Episode 38: January 11, 2013
by Lee Falin, PhD
A few days ago I needed to replace the batteries in an electronic game. So I went to the place where our family has always stored our batteries, the place where every generation of Falin has stored it's batteries for as long as I can remember: the kitchen freezer.
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As I was wiping off the thin layer of frost from the batteries’ contacts, my wife asked me why we always kept the batteries in the freezer. At first I was tempted to attribute her lack of knowledge of Falin battery lore to the fact that she had only been part of our frozen battery dynasty for a scant 10 years, hardly long enough to truly appreciate the subtleties of battery storage.
But as I thought about how to answer such a question, I was confronted with a startling realization: I had no idea. Surely years of tradition, an entire dynasty's adherence to the principles of safe battery storage couldn't be wrong! I sighed as I realized there was only one thing to do: I had to find out the truth for myself. Does storing batteries in the freezer really extend their shelf life?
Of Cells and Batteries
To get to the truth of this important matter, it’s important that we fist have a basic understanding of what batteries are and how they work.
As I mentioned in my previous episode on capacitors, a battery is a collection of one or more cells capable of generating electricity. There are lots of different types of these cells, but they all work according to the same basic principle.
Part of the cell consists of chemicals that undergo a special reaction called an oxidation reaction, which is a reaction that causes atoms to lose electrons. (For more on oxidation reactions check out my episode on The Science of Fire).
The other part of the cell consists of a different set of chemicals that undergo what is called a reduction reaction. In reduction reactions, atoms gain electrons.
Quick and Dirty Tip:If you’re confused about which type of reaction is which, just remember the handy mnemonic: OIL RIG - Oxidation Is Loss, Reduction Is Gain.
As one part of the cell has an excess of electrons, and another part of the cell has a deficiency in electrons, the logical thing to do would be to send the extra electrons from one side of the cell to the other side. This is exactly what happens when you hook both ends of the cell up to a circuit. The excess electrons flow out of one side of the cell (called the anode) through the circuit and into the other side of the cell (called the cathode).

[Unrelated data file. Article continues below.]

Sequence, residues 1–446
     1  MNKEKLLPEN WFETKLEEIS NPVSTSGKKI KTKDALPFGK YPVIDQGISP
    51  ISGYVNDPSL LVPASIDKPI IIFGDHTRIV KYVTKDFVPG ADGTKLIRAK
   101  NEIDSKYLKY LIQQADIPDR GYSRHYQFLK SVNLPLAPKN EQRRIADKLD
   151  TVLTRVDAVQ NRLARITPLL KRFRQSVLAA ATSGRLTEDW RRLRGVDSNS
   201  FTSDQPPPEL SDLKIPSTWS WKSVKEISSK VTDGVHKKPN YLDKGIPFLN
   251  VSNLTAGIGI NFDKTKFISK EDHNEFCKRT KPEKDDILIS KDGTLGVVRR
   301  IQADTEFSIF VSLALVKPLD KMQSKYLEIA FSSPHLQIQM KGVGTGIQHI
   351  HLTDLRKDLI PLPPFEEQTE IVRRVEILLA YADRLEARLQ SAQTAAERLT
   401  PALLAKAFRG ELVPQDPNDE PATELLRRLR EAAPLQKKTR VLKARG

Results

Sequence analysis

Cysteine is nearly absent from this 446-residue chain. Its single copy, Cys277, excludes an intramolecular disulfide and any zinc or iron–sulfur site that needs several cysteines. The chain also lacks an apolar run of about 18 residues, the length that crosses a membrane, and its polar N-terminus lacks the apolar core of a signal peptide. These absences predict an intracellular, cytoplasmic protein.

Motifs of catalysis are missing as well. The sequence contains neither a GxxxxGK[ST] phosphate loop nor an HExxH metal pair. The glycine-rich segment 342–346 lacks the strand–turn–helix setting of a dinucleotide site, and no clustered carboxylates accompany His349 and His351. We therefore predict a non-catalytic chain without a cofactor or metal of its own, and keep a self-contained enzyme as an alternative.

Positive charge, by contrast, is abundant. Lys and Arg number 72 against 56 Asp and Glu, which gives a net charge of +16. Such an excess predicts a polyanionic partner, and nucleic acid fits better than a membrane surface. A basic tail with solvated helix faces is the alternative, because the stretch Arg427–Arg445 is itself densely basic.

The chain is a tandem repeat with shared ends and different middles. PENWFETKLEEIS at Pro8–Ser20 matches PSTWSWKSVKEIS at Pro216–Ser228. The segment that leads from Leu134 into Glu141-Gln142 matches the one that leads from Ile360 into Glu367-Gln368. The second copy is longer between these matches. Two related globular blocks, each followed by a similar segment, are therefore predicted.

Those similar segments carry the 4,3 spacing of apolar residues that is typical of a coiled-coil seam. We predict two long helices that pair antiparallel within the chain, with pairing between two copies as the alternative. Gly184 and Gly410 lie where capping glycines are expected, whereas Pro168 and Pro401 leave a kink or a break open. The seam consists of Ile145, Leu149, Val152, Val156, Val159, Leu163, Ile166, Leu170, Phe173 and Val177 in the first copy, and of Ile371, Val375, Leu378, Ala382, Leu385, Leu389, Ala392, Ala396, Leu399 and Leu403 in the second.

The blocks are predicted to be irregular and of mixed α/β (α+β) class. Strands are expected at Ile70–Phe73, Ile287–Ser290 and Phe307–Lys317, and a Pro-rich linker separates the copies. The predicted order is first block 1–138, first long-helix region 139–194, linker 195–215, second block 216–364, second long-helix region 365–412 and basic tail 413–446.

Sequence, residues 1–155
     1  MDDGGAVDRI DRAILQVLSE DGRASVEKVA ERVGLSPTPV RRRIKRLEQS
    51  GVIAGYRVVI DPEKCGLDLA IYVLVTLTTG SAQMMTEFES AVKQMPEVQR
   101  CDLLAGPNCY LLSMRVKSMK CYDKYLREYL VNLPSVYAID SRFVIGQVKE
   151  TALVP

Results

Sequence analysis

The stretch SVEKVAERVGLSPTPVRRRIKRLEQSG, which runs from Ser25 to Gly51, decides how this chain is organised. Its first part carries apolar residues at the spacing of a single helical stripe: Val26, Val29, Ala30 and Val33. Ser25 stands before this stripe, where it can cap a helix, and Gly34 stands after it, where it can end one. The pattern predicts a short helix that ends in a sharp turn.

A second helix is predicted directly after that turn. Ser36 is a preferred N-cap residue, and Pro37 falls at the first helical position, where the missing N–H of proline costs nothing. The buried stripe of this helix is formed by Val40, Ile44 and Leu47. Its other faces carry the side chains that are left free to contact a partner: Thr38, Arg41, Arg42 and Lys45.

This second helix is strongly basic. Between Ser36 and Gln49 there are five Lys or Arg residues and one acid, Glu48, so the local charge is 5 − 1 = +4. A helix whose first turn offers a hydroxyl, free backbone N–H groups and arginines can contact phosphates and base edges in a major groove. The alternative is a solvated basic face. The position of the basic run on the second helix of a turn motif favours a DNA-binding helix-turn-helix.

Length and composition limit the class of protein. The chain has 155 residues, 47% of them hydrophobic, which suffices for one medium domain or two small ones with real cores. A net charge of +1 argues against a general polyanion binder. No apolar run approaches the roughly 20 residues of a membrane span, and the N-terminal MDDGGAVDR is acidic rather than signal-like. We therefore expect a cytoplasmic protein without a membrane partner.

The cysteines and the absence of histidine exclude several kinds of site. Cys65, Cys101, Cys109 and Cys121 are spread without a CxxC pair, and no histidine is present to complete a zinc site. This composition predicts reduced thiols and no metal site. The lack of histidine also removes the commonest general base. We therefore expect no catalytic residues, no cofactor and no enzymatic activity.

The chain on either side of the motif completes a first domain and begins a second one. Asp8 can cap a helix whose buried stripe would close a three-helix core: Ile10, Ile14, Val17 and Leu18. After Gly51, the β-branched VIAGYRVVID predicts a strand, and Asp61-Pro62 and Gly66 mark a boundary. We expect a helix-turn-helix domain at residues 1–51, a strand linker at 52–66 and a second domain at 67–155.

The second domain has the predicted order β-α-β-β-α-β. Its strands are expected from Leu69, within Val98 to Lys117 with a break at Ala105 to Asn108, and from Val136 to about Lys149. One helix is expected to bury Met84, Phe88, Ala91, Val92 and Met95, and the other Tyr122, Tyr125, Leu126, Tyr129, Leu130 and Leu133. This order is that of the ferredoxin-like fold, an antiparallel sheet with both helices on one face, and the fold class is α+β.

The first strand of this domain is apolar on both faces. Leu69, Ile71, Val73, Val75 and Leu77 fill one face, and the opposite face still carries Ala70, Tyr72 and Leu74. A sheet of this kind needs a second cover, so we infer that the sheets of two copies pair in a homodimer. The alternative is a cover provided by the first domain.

Over time, these chemical reactions can result in changes to the materials that make up the cathode and anode, resulting in the cell losing its ability to carry out the chemical reactions needed to produce electricity. When this happens, we say the cell (or the battery of cells) is “dead.”
I’m Just Getting Warmed Up…
Even when the cell isn’t connected to a circuit, these chemical changes still occur, though at a much slower rate. “Self-discharge” is the term used to describe how cells slowly lose their “charge” or their ability to carry out the reactions that produce electricity, when they’re just sitting around on a shelf somewhere. How fast a cell self-discharges depends on a lot of factors, including the chemicals used inside the cell and the temperature outside.
It turns out to be true that putting batteries in colder temperatures can slow the self-discharge rate of their cells, however just how effective this is depends on the type of battery. Modern alkaline batteries have such a low self-discharge rate that storing them in the freezer is nearly ineffective. Lithium batteries (both standard and rechargeable) are even better.
On the other hand, rechargeable nickel cadmium (NiCd) and nickel metal hydride (NiMH) batteries have really high self-discharge rates that are drastically reduced by storing them in colder temperatures.
However, most battery manufacturers recommend against storing batteries in the freezer or refrigerator for several reasons. First, excess moisture can significantly degrade battery life by causing corrosion around the anode and cathode contacts. In addition, the extreme cold temperatures can cause seals in the battery to rupture, which greatly reduces battery performance. Finally, a cold battery has to be at room temperature before it can operate at maximum performance.
So it turns out that as usual, my wife’s intuition was correct. My family has been shortening the life of their batteries for years all because we didn’t understand the science behind batteries. Hopefully this episode will save your family from a similar fate. Now please excuse me while I go and take the batteries out of my freezer and put them in a drawer where they belong.